Homeschooling Resources for Families in Fannin County TX2018-07-26T07:58:25+00:00

Homeschooling in Fannin County – Resources for Newbies

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In recent years there has been a huge rise in the interest for homeschooling. If you’re searching for homeschooling in Fannin County, TX than www.GreatHomeschoolConvention.Com has something for you! Home-schooling is definitely popular, yet it is the decision made by a growing number of families in recent times. Many reason exist for it, one is that the college brutality that keep occurring. Now more resources available to families, and there are more scheduled events for home schooled pupils, too. Perhaps you have looked at attending local home-schooling events!?

You will find all types of social gatherings, plenty of them sports events. You may find events organized where home schooled scholars get together with one another, where there are events where said students along with their families get meet with the community. Simply because a child is homeschooled doesn’t mean that she or he is obviously going to be in the home thru school hours either.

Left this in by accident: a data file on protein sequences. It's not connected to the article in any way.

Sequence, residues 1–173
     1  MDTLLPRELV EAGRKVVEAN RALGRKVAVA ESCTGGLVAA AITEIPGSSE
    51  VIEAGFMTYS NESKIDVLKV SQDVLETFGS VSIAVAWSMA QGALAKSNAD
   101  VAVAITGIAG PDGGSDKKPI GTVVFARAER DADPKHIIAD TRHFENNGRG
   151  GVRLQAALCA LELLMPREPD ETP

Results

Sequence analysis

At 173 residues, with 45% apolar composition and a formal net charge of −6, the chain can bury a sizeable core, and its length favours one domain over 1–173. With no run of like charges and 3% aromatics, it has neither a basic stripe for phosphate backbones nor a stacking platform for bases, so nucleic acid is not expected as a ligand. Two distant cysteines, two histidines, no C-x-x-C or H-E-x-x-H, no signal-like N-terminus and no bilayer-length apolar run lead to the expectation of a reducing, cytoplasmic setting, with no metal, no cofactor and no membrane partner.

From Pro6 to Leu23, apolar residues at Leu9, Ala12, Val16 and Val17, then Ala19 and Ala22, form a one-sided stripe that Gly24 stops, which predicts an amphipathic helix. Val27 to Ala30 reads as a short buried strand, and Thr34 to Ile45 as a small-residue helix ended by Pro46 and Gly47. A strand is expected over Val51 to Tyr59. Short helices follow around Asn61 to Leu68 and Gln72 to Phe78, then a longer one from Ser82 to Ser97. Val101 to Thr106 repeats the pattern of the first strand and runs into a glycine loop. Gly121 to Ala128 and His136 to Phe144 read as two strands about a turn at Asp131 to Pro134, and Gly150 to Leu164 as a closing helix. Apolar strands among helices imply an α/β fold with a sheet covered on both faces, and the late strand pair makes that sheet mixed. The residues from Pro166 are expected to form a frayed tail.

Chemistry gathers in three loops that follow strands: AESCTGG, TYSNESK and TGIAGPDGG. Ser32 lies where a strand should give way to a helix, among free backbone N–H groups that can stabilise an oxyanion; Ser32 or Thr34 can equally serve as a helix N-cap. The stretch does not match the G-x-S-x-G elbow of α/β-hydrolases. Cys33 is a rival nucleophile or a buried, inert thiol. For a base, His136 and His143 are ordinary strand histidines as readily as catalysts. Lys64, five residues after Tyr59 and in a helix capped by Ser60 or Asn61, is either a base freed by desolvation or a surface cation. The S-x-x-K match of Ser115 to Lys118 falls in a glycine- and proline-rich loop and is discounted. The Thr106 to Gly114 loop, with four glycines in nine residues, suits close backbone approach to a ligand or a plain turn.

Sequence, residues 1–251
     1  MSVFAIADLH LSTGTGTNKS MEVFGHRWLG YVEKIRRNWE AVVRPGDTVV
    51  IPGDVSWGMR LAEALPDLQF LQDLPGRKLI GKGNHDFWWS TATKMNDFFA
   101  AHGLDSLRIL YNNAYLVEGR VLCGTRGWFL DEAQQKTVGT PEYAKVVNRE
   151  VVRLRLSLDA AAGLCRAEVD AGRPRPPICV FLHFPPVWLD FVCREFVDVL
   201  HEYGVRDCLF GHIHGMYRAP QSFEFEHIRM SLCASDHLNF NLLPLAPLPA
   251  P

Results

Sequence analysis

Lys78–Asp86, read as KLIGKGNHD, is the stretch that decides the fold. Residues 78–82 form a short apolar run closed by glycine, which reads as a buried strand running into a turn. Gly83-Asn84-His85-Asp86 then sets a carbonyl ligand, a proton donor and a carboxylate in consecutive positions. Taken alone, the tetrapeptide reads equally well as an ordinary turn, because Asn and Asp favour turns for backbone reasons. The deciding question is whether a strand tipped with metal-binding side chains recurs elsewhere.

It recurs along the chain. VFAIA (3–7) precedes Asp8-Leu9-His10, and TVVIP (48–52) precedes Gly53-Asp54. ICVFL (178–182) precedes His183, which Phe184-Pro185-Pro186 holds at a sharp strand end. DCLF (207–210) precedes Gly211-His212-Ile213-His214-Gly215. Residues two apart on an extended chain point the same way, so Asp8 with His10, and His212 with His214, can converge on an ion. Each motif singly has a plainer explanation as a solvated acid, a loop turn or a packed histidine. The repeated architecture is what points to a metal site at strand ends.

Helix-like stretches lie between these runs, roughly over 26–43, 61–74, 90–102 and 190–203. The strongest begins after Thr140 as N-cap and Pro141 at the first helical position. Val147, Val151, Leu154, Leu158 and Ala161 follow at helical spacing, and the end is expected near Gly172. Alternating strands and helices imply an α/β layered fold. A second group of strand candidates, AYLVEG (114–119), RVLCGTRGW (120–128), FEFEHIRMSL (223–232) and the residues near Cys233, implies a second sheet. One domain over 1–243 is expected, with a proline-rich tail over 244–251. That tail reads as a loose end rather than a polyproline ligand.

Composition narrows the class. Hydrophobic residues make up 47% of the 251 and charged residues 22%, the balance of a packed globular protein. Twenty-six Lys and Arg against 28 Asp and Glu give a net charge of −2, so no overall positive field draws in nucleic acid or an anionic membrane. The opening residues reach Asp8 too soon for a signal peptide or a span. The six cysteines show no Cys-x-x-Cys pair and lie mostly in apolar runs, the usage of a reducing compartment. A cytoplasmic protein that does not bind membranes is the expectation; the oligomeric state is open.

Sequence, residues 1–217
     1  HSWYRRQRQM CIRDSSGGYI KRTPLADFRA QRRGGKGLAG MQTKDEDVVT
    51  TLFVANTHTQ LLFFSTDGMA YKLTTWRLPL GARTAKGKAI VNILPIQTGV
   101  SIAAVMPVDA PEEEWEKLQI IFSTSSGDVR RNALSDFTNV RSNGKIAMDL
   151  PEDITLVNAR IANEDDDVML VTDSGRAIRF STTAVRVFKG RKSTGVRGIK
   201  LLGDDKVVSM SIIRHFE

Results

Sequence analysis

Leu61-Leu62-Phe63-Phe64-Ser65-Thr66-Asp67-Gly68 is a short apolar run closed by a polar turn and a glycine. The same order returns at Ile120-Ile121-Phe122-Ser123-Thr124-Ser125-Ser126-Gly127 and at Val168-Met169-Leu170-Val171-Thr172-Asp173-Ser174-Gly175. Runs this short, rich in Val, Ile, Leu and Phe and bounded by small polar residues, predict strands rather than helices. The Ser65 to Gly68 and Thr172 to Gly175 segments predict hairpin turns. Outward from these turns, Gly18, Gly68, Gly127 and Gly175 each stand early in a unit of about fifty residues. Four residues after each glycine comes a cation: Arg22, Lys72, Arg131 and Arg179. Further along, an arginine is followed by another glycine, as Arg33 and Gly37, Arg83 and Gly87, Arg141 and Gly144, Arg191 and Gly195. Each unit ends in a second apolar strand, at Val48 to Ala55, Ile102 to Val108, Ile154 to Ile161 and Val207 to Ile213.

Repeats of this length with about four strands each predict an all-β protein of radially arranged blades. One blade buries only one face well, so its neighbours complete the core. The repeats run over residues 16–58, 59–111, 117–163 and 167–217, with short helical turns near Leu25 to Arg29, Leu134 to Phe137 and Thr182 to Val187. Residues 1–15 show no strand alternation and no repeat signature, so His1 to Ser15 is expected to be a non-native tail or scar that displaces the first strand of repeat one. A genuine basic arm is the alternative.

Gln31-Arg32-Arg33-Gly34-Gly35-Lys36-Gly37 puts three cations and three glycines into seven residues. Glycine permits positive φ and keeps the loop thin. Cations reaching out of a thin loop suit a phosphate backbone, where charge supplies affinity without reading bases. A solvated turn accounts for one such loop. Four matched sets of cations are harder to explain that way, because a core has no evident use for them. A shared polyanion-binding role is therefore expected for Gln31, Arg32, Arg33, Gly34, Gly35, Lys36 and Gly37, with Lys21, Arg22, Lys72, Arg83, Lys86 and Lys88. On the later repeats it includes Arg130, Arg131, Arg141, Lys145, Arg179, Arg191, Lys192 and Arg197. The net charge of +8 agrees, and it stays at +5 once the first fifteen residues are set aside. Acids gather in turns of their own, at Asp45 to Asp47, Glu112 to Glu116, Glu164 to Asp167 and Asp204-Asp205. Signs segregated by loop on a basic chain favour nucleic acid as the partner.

There are actually getawasys and other educational happenings which pupils can enjoy. Also, there is the opportunity for getting in public, maybe studying at the library or outdoors within the park. Home-schooled students may even get together for lessons and study sessions. There are plenty freedoms to home-schooling, including the truth that pupils can learn any place, not only behind the closed doors of any public school.